The Musical Extravaganza! All About That Bass Parody.
I don't normally sing in public (last time was a high school musical) but birth is one of those things that gets me all fired up to want to make changes, share my story, gather the mamas, and break out into song!
Because you know I'm...
Did you know?
- Healthy low-risk pregnant women and newborns are the population in the US that experience the majority of hospital procedures.
- Cesarean section is the most common operating room procedure in the United States, and 1 in 3 babies are born surgically.
- Evidence-based research indicates that increased procedures, interventions and technology in the medicalization of childbirth does not improve outcomes but actually can lead to more complications.
- The most common reason for hospitalization in the U.S. is being a healthy mother in labor or newborn. $98 billion was billed for hospital facility fees in 2008 for mothers and newborns, which created far more income than any other demographic for hospitalization in the United States.
- The U.S. spends twice as much on maternity care than any other industrialized country in the world.
- The U.S. has higher rates of maternal mortality, neonatal mortality, low birthweight, and exclusive breastfeeding, than 30 other countries.
- Women lack access to choices about where, how and with whom to give birth due to limitations by providers, insurance, hospitals, legislations and loss of clinical skills.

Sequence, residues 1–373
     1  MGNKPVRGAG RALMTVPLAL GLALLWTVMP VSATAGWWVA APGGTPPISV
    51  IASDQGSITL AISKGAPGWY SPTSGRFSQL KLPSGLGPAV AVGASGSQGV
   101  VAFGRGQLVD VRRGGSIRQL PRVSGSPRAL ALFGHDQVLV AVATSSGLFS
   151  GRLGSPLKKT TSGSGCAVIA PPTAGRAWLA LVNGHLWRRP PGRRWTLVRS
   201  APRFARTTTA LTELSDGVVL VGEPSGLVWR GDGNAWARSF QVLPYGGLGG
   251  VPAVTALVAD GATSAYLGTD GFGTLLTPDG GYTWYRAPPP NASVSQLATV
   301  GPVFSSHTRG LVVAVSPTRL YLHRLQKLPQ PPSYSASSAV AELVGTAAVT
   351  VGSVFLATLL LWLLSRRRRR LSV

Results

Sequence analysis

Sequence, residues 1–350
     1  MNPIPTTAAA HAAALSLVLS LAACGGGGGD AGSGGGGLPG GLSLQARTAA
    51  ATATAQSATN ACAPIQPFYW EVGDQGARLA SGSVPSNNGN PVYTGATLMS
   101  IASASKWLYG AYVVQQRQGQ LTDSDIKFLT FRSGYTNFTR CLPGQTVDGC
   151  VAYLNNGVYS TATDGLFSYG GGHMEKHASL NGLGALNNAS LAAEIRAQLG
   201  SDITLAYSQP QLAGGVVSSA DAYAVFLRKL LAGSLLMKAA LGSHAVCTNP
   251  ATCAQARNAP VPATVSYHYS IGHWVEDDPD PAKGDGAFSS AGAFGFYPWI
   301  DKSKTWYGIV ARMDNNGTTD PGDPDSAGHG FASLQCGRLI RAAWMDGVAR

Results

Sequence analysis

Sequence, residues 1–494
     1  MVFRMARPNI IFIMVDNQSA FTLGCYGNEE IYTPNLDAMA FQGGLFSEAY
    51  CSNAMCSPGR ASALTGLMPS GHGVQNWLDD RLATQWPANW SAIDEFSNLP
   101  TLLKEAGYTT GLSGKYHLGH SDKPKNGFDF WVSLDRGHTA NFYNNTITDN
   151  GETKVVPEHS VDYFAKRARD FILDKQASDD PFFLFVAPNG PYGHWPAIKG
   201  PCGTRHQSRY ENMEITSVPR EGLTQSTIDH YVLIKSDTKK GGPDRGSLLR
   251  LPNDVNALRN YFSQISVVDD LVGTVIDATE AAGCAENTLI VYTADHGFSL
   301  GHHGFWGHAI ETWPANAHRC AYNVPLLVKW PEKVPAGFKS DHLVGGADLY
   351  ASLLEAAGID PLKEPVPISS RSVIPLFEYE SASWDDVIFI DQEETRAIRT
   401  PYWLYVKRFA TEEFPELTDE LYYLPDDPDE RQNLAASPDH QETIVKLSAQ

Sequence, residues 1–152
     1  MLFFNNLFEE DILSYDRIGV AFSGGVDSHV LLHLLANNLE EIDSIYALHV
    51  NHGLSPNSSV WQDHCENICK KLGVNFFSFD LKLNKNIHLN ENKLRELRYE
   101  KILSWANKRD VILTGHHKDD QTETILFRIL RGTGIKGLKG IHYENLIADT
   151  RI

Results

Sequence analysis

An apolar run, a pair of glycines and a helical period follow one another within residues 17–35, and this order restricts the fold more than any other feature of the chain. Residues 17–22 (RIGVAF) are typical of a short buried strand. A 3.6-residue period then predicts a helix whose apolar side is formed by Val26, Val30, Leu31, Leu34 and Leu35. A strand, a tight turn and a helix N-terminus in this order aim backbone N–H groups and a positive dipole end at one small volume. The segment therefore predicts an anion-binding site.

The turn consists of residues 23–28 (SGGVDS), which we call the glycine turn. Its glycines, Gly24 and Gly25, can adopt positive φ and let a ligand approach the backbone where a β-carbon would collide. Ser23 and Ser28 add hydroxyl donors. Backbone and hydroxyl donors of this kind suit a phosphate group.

- Women of color and low-income have less access to choices in maternity care services and have higher rates of medicalized birth and worse outcomes.
There is a physiological cascade of hormones that happens during labor, childbirth and postpartum that supports the highest health, wellbeing, survival and bonding of the mother and baby. When the natural labor process is interrupted with interventions, it creates a domino effect that can cause worse situations for both mother and child.
Midwives provide maternity care that most often supports the physiological approach to birth, and provides the highest outcomes for mothers and babies in all sociological contexts, from home births and birth centers to hospitals, and in all cultures and contexts, from urban to rural, and among low-income and underserved communities.
I also think it's really important for women with preexisting or arising conditions in pregnancy and birth to have access to the highest quality medical and emergency care. Hospitals, doctors, c-sections and pain medication all have their place when used appropriately. I have met some amazing doctors and nurses and have attended some beautiful hospital births as a doula.
However, when medical interventions are used excessively it creates complications in normal healthy birth which can lead to iatrogenic complications, which are best avoided by providing the majority of healthy pregnant women with physiologically appropriate care, including midwives, birth centers, and home birth.
Yes, the stories about my great-grandmother, my birth, and my homebirth in the song are inspired by true experiences.
I have had two amazing home births, the first with midwives and the second with just my husband, and I wrote about them in my book "How to Have an Awesome Birth":
Thanks so much for watching and reading!